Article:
More than a billion served
More than 1 billion people will be accessing the Internet by 2005, according to a recently released report from eTForecasts, a research company in Buffalo Grove, Ill.
The precise figure predicted, 1.17 billion online users, is almost triple the number of people—414 million—who were plugged in at the end of last year, according to the report.
Growth in Internet access in Asia, Latin America and Europe is expected to account for the lions share of the 1.17 billion figure, with wireless devices accounting for 713 million users getting access in areas that lack the infrastructure required for other types of access.
Get off the line, you whippersnappers
Those wily kids may have gotten a jump-start on the Internet, but a new study shows that retired people are starting to catch up.
In December, the number of retired people going online in the United States jumped 28.1 percent, to a total of 8.6 million unique visitors, according to a survey from NetValue USA Inc., in New York. The report also said that retired people now represent 10.2 percent of the overall U.S. Internet population.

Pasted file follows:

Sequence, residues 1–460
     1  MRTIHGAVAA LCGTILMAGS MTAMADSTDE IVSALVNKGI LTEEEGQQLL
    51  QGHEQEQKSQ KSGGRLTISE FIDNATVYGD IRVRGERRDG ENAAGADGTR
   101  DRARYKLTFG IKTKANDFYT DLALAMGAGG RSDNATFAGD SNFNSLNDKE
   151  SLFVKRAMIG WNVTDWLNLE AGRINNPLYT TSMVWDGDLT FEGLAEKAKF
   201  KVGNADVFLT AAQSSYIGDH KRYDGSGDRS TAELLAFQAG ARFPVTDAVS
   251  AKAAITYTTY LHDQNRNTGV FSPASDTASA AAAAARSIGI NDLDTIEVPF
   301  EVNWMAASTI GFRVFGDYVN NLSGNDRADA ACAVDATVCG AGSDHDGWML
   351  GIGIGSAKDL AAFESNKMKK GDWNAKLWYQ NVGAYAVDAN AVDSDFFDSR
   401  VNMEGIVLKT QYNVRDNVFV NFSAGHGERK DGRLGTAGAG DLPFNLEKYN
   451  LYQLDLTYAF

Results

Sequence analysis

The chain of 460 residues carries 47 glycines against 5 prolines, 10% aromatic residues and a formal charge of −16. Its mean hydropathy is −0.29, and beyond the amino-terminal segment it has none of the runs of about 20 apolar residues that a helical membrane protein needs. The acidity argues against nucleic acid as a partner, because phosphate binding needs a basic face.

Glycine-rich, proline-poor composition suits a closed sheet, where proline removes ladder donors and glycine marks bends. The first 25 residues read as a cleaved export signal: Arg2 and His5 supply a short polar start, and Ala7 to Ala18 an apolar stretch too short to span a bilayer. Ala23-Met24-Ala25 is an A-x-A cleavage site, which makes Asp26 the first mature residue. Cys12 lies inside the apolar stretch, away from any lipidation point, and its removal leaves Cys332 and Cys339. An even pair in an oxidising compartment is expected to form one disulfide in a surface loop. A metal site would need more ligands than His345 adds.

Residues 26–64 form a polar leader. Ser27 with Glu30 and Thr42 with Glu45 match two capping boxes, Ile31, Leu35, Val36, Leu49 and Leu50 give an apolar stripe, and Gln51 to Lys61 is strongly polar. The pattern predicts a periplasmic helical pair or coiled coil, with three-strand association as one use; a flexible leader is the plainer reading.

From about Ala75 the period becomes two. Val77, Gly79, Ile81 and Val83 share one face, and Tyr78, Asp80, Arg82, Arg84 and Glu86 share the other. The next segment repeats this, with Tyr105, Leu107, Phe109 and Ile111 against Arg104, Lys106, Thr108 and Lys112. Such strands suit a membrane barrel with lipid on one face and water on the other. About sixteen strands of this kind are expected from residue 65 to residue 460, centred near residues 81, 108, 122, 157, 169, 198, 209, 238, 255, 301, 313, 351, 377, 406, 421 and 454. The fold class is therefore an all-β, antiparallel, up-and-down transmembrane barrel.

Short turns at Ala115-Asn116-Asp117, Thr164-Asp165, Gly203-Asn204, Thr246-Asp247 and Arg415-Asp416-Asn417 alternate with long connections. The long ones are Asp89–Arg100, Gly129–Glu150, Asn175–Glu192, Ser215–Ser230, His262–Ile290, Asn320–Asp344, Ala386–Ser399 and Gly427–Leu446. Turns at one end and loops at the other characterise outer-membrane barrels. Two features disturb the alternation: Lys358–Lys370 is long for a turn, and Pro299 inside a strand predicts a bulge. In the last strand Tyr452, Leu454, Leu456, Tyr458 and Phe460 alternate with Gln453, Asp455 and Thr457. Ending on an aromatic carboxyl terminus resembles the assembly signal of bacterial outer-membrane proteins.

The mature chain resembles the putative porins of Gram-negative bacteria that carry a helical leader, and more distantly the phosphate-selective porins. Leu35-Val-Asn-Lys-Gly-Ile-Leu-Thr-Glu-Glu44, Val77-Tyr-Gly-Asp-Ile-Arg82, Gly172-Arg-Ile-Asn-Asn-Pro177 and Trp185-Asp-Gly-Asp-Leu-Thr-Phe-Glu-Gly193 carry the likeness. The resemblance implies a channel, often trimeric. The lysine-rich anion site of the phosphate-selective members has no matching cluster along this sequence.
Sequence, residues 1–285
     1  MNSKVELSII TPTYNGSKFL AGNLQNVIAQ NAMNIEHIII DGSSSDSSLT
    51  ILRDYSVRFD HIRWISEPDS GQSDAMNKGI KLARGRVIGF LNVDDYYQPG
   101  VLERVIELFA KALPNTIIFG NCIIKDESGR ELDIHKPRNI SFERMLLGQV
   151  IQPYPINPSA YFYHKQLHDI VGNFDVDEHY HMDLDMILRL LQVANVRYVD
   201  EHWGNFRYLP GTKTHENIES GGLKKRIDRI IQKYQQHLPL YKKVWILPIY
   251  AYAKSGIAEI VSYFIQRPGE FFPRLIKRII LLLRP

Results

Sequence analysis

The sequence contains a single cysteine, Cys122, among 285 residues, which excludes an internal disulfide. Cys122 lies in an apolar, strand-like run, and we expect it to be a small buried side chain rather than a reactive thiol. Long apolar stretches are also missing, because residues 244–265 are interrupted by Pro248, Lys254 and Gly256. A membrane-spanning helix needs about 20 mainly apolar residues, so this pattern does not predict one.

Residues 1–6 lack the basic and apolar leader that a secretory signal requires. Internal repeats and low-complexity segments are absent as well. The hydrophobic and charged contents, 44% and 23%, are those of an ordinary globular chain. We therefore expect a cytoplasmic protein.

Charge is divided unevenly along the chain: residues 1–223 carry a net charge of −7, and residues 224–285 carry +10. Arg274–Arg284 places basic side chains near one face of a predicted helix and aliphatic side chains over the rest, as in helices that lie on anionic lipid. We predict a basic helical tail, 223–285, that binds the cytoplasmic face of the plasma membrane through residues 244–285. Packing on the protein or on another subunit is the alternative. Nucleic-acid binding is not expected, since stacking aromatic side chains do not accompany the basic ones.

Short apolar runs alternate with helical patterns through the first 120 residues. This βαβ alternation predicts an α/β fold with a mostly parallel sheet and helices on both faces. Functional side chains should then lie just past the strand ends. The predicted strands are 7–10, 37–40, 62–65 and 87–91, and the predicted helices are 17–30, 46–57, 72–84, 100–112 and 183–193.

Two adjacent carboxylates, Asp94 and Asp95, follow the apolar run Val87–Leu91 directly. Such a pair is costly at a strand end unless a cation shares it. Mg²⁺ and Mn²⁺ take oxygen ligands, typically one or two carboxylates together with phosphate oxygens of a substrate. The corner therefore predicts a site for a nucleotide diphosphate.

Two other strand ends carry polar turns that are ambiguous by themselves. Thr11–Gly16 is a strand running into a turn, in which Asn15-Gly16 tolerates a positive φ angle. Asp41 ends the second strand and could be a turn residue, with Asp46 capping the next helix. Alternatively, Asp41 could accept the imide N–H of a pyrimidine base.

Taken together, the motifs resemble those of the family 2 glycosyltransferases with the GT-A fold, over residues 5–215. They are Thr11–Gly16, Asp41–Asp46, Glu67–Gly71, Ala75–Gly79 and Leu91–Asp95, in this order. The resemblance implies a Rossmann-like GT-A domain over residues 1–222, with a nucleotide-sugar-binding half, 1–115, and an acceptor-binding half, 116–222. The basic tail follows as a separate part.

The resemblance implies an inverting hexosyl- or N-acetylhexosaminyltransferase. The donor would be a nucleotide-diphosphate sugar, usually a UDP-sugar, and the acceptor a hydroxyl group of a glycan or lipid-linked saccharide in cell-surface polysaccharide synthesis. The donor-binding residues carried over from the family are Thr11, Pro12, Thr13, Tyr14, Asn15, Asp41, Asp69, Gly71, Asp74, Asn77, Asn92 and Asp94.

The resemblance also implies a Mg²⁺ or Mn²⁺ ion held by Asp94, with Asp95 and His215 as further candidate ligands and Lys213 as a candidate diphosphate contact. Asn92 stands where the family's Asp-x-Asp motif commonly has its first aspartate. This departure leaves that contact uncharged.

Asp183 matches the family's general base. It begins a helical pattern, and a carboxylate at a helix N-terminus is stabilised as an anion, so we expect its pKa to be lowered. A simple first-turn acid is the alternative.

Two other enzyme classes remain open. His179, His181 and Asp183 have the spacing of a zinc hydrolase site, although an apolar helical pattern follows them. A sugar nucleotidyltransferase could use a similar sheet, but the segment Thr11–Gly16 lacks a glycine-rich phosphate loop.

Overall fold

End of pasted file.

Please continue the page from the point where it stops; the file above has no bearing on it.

Retirees—whom NetValue says are not necessarily seniors—connected to the Internet an average of 15.9 days in December, an increase of 1.2 days over November. They are more active than students, spending twice as many days online, and clicking on twice as many banner ads, according to the report.